Regular readers will know Dave Hunt well. He’s behind some of the…no, scratch that; he’s behind THE most beautiful posts we’ve featured here. (There’s a new example of Dave doing something beautiful with the Pi in this post: you’ll have to read to the bottom before you get to it.)
Dave is a photographer, and he’s used the Raspberry Pi in several different rigs to replace much more expensive specialised hardware. His water droplet photography rig is easy and inexpensive to set up, and it produces extraordinary results. His focus-stacking Pi solution will save you around £600 on a clean macro photography setup; his rising/falling time-lapse rig has taken video that will have you running to the travel agent to book tickets to Ireland as soon as you’ve watched it.
Dave said last year that he was looking to add more elements to the time-lapse rig (amazing, really, given that it already has features like a little heater to evaporate any dew that threatens to condense on the lens). The rig already raises and lowers the camera in tiny incremental stages as the time-lapse is being shot, so the camera moves as the footage is being taken, which adds a lot of interest to the shot. Dave’s now refined that action by adding touchscreen controls using Adafruit’s PiTFT Mini Kit (which we saw recently being used by the good folks at Adafruit to turn a Raspberry Pi Camera Board into a touchscreen point-and-shoot camera). He adapted Phil Burgess’ graphical user interface (GUI) from that project to create one that controls the length of the pulse sent to the motor, the delay between shots, the number of shots and the motor’s direction.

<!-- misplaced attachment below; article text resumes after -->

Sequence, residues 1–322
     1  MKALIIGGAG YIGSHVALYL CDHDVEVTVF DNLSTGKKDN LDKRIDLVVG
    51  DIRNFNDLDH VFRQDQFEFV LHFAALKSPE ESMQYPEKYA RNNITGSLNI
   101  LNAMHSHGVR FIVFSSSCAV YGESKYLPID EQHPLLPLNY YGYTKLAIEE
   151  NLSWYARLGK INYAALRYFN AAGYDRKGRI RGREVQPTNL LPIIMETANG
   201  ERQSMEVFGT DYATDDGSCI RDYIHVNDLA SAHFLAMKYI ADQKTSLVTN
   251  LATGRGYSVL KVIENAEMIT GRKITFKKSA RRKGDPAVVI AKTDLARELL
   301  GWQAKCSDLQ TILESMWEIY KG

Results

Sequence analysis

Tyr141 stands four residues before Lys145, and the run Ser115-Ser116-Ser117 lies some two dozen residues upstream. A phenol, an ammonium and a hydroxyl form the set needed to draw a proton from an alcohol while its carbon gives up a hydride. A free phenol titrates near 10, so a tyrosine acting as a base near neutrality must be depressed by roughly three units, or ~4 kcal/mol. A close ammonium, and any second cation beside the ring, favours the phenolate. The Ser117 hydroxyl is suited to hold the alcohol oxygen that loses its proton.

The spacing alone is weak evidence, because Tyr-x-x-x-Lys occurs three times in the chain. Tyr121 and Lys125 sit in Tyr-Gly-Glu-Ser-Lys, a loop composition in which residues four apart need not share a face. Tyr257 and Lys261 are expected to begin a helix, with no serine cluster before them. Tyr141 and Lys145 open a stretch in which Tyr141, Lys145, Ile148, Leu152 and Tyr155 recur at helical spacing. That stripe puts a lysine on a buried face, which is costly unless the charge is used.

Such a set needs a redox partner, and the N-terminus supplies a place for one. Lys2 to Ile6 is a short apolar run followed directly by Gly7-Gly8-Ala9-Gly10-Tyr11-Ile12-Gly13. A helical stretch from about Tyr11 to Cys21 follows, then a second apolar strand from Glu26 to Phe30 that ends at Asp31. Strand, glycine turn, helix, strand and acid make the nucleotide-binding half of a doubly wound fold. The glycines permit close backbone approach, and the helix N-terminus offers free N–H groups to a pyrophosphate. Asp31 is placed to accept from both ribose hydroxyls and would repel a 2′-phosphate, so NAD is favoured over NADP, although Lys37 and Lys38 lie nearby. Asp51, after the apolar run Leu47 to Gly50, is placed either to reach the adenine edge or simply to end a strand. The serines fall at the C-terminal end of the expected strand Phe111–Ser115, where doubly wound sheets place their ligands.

All this means that where previously the Pi-powered time-lapse rig had to be sent commands wirelessly via a phone or a laptop, it can now be controlled directly from the touchscreen panel mounted on the Pi itself.
The user interface he’s built allows you to position the dolly on the rail via the motor control buttons; change the motor pulse duration between shots; change the delay between shots; change the number of shots; see what time is left for the current sequence; and start and stop the time-lapse.
Dave has provided, as always, a parts list (the whole controller, including the Pi and the screen, will come in at around $100), full instructions, and all the code you’ll need on his website. And the results? We think they speak for themselves.